utism is a poorly-understood neurological disorder that can impair an individual’s ability to engage in various social interactions. But little 5-year-old Iris Grace in the UK is an excellent example of the unexpected gifts that autism can also grant – her exceptional focus and attention to detail have helped her create incredibly beautiful paintings that many of her fans (and buyers) have likened to Monet’s works.
Little Iris is slowly learning to speak, whereas most children have already begun to speak at least a few words by age 2. Along with speech therapy, her parents gradually introduced her to painting, which is when they discovered her amazing talent.
“We have been encouraging Iris to paint to help with speech therapy, joint attention and turn taking,” her mother, Arabella Carter-Johnson, explains on her website. “Then we realised that she is actually really talented and has an incredible concentration span of around 2 hours each time she paints. Her autism has created a style of painting which I have never seen in a child of her age, she has an understanding of colours and how they interact with each other.”
A young girl blowing a large bubble gum bubble (1946) by Bob Landry
crying is the most fucked up evolutionary glitch in all of history how is the leaking from my face helping me what the fuck
yo but mermaid monster hybrids though
- vampire mermaids who prey on their own kind — when they get bitten, their scales fall off, their tails turn a slick and fleshy grey, a dorsal fin begins to sprout from their spine, and suddenly there’s six rows of teeth where once there was only one
- mermaid medusas who’ve got eels for hair and it’s not their gaze that can turn you to stone but their song
- fairy mermaids who’re born of spite and mischief — they’re small, the size of seahorses, and they speed through the currents causing mayhem and sometimes destruction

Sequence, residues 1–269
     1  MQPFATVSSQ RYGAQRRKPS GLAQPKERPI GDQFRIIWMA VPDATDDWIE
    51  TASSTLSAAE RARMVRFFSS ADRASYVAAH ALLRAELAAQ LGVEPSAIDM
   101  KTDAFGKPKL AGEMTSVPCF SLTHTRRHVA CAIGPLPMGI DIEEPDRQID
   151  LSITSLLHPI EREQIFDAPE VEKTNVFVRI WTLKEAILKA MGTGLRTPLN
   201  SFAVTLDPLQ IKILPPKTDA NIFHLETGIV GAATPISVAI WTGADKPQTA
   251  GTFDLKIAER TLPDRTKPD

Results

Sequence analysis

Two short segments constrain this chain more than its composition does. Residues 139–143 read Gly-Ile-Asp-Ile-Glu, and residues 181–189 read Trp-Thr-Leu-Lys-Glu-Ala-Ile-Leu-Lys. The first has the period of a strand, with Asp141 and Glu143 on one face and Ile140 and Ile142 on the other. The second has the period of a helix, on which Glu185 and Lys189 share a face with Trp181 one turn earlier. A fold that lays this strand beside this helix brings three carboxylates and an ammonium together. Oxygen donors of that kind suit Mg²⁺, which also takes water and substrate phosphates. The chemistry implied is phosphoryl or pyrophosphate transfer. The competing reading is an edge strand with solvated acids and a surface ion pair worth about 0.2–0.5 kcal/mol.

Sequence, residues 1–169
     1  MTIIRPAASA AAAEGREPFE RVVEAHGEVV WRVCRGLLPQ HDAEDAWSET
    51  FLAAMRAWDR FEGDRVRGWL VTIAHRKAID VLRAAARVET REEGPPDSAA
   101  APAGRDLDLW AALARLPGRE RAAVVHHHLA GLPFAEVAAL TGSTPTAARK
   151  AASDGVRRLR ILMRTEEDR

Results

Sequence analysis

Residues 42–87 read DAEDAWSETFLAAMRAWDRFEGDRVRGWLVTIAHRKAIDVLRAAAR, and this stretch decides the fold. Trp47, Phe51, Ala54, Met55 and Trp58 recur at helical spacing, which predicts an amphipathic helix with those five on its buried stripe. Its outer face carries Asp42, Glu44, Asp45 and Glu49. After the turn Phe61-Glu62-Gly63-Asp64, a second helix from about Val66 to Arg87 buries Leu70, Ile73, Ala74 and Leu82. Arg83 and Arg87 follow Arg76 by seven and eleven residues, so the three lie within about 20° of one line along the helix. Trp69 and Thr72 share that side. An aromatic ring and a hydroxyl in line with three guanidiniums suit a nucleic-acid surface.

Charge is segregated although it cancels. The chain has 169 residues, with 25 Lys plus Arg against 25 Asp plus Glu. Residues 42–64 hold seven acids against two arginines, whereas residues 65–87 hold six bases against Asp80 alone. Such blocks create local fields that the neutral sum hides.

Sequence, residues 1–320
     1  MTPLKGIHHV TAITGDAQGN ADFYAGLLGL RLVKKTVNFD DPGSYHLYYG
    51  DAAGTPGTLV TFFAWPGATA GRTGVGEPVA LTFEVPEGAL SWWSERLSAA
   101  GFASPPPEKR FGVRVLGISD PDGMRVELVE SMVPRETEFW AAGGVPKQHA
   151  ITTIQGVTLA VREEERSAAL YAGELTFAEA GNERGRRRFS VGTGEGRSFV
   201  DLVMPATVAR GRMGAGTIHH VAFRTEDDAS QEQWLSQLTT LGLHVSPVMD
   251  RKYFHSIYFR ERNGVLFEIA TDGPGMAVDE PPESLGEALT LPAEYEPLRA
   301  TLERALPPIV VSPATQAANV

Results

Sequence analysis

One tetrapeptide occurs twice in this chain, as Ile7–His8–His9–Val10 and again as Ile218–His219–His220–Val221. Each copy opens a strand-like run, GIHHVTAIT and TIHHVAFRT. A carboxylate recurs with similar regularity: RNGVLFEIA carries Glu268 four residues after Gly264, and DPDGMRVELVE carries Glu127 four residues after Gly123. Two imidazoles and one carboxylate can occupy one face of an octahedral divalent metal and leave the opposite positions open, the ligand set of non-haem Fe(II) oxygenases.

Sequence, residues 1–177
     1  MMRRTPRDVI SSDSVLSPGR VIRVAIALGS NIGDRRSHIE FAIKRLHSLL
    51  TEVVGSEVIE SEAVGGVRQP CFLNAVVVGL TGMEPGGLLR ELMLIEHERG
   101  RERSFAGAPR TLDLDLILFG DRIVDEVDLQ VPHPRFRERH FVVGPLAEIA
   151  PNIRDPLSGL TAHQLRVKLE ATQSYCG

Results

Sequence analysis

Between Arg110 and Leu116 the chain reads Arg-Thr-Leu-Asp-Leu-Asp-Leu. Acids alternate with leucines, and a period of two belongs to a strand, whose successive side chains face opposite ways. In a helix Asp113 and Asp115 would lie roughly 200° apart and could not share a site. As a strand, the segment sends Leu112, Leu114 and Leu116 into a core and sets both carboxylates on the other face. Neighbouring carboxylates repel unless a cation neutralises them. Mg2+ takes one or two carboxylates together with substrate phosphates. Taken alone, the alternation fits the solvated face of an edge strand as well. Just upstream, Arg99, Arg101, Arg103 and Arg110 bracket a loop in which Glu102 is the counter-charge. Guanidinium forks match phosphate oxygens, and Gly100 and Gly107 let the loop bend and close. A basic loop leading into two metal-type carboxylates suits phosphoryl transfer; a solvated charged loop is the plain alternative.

- were-mermaids who turn into huge, hulking great whites when the full moon filters through the deep waters, who cannot be restrained because what shackles can you find in the deep?, who leave blood and guts in their wake
Let’s go deeper
- Mermaid dryads tied to a whole kept forest, fins and hair perfectly camouflaged with their natural habitat. They drift serenely through their gardens until it is threatened, when the whole kelp forest turns on the attacker and drags it down to its death.
- Elementally aligned mermaids - air-aligned mermaids leap joyously from the water and glide on tough fins, punching through the surface of the water like tiny spears of silver-blue. Fire-aligned mermaids drawn to deep volcanic vents, blind and sickly-white with teeth that fit together like a sieve.
- Kraken mermaids.
Last year, 22-time Emmy award-winning reporter John Stofflet posted this news video he created for KING-TV in 2004, featuring Paul Smith and his artistic talents.
by the way did I ever tell y’all about the time I got a blank message from nobody, sent on new year’s eve in 1969, when the internet didn’t exist?
because that happened
What the fuck
Or maybe its from 2069, when we’ve developed the technology to send data to the past. You sent yourself a blank message as a test but as the email address you used to send it doesnt exist yet, it came up as no sender
OKAY KIDS, LET’S LEARN ABOUT THE UNIX EPOCH
So back in the early days of computers, when we were trying to build clocks to keep all our computers in sync, we tried a bunch of different ways to synchronize them in ways that both normal people could use and programmers could utilize.
We just tried saying “The current time is THIS date” and just storing that date as some text, but while that was easy for humans, it was a bunch of different numbers that worked together in funny ways and computers don’t play nice with a bunch of random, arbitrary rules.
Not much worked, until we realized that we needed a BASELINE to compare against, and a way to represent the current time that covers everybody. So we came up with Unix time, because Unix was the style at the time. Essentially, Unix time represents any given time by saying “How many seconds ago was 12:00 AM on January 1, 1970 in Iceland somewhere?”. Recent enough to keep the numbers relatively small, far enough that nothing computer-y would fall before it, and consistent enough that there’d be no discrepancy based on where you are.
So what happens when you see the date “December 31, 1969” on a buggy message like this is that the computer received a bunch of zeroes by mistake and went “Oh, this must be a message!” Then when it tried to interpret it, it got to the date, found a zero, and said “Zero seconds since the Unix Epoch? I’ll round down - this was sent at the last second of New Year’s Eve, 1969! They’ll be so happy to finally get their blank message.”
And then the computer traipsed off on its merry way, because computers are fucking ridiculous.
This is frankly more hilarious than the 1969 time traveler theory